28 Feb Why should you know what the unpaid balances are before you ask for your first loan?
When you apply for a loan or credit, you must pay it in a way that pays for the requested capital and the interest established by the financial institution that grants it. By covering the debt, periodically, the amount you are subtracting to pay is called “unpaid balances.”
If your bank or financial institution gives you the benefit of calculating the interest on the unpaid balances, then as you are liquidating or paying the debt, the amount to be paid for this concept will be less.
In the following image, you can see a table of payments of a loan requested for $ 250,000 thousand pesos at a rate of 28%.
As you can see the amount of unpaid balances in the column called “Balance”, it decreases as the dates of installments to be settled pass, as well as the amount to be paid for interest.
It is good to mention that some institutions also allow you to make capital payments without any penalty. This is even more beneficial for you, because if in a partiality you have the opportunity to pay more than your monthly fee, the interest of the next will be lower and so on.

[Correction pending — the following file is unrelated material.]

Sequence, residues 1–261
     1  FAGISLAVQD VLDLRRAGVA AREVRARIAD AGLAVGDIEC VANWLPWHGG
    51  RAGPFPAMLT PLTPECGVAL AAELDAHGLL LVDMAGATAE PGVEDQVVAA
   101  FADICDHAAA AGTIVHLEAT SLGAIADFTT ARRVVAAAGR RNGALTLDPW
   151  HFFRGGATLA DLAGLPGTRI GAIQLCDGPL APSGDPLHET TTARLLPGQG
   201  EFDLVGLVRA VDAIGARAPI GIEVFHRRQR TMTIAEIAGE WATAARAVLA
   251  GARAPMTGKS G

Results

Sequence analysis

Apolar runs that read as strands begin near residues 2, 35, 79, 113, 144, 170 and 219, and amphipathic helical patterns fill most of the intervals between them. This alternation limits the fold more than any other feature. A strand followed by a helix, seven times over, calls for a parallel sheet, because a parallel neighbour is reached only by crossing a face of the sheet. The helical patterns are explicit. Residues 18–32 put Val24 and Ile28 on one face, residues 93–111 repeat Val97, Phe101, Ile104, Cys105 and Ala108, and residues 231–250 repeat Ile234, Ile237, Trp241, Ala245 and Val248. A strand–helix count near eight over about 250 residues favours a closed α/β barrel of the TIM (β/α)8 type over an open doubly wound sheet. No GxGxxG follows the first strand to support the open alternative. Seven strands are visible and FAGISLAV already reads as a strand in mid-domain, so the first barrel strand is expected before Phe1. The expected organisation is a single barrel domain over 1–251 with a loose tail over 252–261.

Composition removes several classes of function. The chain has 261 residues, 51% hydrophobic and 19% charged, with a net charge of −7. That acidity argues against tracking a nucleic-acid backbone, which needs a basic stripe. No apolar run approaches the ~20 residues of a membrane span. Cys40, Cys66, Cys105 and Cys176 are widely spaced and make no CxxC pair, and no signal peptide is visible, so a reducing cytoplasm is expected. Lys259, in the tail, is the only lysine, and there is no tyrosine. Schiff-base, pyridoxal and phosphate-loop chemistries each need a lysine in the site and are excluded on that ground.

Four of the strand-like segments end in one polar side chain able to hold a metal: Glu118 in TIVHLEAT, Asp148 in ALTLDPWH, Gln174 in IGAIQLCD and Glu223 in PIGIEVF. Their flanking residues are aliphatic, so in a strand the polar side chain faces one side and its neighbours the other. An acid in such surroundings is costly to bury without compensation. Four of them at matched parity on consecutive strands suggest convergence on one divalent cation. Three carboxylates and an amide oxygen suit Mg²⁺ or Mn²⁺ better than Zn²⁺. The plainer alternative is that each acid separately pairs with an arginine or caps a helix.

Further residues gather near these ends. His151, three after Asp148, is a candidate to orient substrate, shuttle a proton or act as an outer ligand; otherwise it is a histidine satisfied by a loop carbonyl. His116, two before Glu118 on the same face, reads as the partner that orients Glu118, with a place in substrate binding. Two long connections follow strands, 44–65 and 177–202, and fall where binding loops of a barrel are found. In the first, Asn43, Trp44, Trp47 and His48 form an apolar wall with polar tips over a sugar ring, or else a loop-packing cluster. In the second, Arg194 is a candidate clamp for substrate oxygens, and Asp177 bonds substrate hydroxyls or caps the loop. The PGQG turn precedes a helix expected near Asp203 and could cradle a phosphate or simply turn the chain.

Before applying for your first loan, consider the following:
1 # Identify the benefits you can get
- Investigate the minimum and maximum amounts offered to evaluate the amount you need and the amount you can ask for.
- Ask how they calculate interest and if there is a penalty for advance payments. This will help you compare the different financial options that exist and choose the one that best suits you.
2 # Check your credit bureau
Every institution that offers loans, credit cards and financing to entities or individuals, reports the information corresponding to the unpaid balances to Buró de Crédito. Because of this, you should avoid generating a delay or lack of payment since it directly influences your score.
3 # Take into account the requirements
Being your first loan it is important that you know the requirements that each institution asks you to start the process. In some you will have to give account statements, proof of income, and your credit history to assess how viable it would be to lend you money.